I am sharing this post to show you how important it is to dig down around a trunk when looking at a tree. Even if it’s ugly. You never know what you might find.
This one is part of my landscape. Urban Yamadori, I guess. It was here since before we moved in. It’s ugly and looks like it’s crouching or that some big bear sat on it…..for a long time. It didn’t always look this way.
When we first moved in it was about 3 to 4 feet tall. My lovely lady didn’t really like it so she chopped all the branches off one day thinking she was going to kill it. I would have stopped her, but by the time I saw…the deed was done. I don’t have pictures before the hack job, but here is what it looked like on February 24, 2017:
It was planted and forgotten here by the previous owners. Looks like it has been here a long time. This spot is very windy though and covered from above by trees so it rarely gets direct sunlight.
It’s so windy in this spot that when the tree flowers, they keep getting broken off by the wind. Talk about frustrating! I have been contemplating digging it out but I have been waiting.
For one it was infested with aphids, scale, sooty mold and mites. Every day was a massive struggle for this thing! Being weak and stressed, cutting it out of the ground may have killed it.
Since February I’ve been fertilizing it heavily and have treated it for the pests a few times with insecticidal soap and Neem oil. It’s also been given a systemic pesticide that will last for 12 months. Pest management is for another post in the near future.
So after some recovery as well as getting a new stone garden put in place around it, here is the tree on 4/8/2017:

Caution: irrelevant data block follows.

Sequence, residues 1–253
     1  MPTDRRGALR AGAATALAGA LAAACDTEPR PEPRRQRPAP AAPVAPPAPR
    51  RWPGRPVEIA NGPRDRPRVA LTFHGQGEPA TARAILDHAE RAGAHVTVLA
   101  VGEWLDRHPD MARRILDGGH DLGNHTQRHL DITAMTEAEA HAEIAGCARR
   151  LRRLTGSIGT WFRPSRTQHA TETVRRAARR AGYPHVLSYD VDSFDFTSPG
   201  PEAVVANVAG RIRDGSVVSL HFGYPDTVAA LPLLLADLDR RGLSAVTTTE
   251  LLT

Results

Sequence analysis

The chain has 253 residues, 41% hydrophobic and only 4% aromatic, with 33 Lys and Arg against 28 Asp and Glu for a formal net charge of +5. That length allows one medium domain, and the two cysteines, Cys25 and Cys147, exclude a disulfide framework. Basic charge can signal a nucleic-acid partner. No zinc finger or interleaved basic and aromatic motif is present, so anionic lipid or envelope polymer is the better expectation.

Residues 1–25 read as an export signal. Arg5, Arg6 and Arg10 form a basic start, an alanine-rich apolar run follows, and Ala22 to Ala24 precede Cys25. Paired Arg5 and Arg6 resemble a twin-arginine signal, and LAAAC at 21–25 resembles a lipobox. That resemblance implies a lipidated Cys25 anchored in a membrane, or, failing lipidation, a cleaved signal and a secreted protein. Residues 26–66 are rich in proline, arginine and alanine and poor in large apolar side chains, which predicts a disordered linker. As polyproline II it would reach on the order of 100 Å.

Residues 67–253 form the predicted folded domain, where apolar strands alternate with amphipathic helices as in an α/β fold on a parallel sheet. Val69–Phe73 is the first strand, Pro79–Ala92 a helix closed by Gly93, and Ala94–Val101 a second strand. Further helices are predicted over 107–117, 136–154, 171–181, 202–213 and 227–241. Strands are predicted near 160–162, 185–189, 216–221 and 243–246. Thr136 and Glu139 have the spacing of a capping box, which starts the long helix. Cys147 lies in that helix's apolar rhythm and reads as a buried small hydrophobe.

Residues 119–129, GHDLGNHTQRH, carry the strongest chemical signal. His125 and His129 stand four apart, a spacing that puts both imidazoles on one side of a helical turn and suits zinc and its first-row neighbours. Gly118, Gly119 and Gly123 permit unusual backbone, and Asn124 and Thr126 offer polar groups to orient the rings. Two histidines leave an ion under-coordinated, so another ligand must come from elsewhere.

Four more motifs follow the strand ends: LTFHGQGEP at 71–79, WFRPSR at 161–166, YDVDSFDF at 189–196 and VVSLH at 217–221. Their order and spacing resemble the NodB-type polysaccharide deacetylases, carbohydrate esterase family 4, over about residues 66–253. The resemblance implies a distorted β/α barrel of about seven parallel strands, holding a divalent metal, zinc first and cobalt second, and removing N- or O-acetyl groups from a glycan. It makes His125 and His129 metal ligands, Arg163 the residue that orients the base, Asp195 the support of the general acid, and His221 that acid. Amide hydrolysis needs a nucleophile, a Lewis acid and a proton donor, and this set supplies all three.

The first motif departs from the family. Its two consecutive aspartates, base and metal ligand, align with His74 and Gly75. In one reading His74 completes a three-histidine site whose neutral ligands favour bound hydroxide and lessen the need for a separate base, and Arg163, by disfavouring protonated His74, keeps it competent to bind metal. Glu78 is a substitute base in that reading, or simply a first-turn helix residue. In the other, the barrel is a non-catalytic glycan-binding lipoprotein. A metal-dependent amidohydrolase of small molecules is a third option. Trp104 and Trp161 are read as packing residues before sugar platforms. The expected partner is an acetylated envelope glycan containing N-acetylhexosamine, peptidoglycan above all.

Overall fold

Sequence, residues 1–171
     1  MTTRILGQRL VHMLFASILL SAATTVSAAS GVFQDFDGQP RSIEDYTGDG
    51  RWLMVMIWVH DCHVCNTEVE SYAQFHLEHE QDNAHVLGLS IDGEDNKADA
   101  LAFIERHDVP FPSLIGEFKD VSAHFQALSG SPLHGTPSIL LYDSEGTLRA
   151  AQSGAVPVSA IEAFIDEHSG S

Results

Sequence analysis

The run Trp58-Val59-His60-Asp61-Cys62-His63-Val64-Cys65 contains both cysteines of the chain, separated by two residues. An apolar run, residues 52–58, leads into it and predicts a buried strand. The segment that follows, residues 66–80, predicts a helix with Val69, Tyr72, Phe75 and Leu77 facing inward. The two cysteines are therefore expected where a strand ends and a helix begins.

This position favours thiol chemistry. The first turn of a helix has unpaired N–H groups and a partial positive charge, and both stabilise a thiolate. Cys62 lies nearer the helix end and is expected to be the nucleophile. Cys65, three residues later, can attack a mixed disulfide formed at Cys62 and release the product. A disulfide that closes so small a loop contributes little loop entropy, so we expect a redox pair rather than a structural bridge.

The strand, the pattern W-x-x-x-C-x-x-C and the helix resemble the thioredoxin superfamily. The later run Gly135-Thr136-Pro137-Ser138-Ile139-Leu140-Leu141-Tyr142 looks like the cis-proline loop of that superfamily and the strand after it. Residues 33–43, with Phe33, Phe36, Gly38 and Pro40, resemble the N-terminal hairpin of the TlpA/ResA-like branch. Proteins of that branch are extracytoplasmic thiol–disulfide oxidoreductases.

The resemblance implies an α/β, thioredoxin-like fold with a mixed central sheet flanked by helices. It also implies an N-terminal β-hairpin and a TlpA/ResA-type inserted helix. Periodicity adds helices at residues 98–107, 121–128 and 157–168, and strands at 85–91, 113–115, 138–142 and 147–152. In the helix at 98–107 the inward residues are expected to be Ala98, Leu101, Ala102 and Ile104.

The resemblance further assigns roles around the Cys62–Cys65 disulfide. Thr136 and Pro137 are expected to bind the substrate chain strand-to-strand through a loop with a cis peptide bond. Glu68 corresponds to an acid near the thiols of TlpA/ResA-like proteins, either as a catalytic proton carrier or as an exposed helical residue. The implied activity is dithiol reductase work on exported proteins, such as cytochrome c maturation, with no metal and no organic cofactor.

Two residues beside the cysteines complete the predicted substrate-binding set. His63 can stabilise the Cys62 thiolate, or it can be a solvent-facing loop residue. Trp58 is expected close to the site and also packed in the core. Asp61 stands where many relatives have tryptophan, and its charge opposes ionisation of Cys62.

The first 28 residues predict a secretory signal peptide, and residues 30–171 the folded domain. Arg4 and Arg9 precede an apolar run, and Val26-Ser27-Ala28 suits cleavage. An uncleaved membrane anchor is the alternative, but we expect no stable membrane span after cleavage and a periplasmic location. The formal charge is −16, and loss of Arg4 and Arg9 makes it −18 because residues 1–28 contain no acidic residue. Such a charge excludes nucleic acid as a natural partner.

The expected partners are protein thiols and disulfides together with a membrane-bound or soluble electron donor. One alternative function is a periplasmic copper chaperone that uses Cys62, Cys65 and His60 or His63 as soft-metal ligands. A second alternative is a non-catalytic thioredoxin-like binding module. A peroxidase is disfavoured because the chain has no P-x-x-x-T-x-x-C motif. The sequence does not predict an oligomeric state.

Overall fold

A few days later a brown bear had already made a den in the rocks. These are native to Bass Pro Shops:
It’s been doing much better, but still has some issues.
This post has some issues……wasn’t this supposed to be about nebari? All I see are some branches in the ground…..
I’m just letting the tree’s ugliness sink in before moving on so you get the full effect. Now, when you dig sometimes you have to dig deeper than you expect. I dug down 6 inches on this one and I feel like the trunk still went down another inch or two.
Enough with the suspense, after digging down here is what the nebari looked like:
Damn! This thing was bigger and older than I thought, and planted pretty deep. There are 4 main branches and the two on the right have fused together.
The trunk has a nice flare. There is a root or maybe two in there that need to be removed, but all in all a good looking trunk. It’s not getting dug out just yet though, maybe over the summer.
During training you want to keep most of this buried so it develops better, but once it’s ready for a pot this part will be above the soil. When and how to expose the nebari is a whole lesson in and of itself….
This Hibiscus will make good material. Most of the branches up top will have to be removed and new branches grown, but that is okay. I will probably end up picking one of those 4 branches and chopping the rest off. That will all be done in due time.
I wanted to share with you the surprises you will find if you look a little further. So next time you are at the nursery or out looking for trees, take a closer look, you never know what you’ll find! (hopefully nothing weird)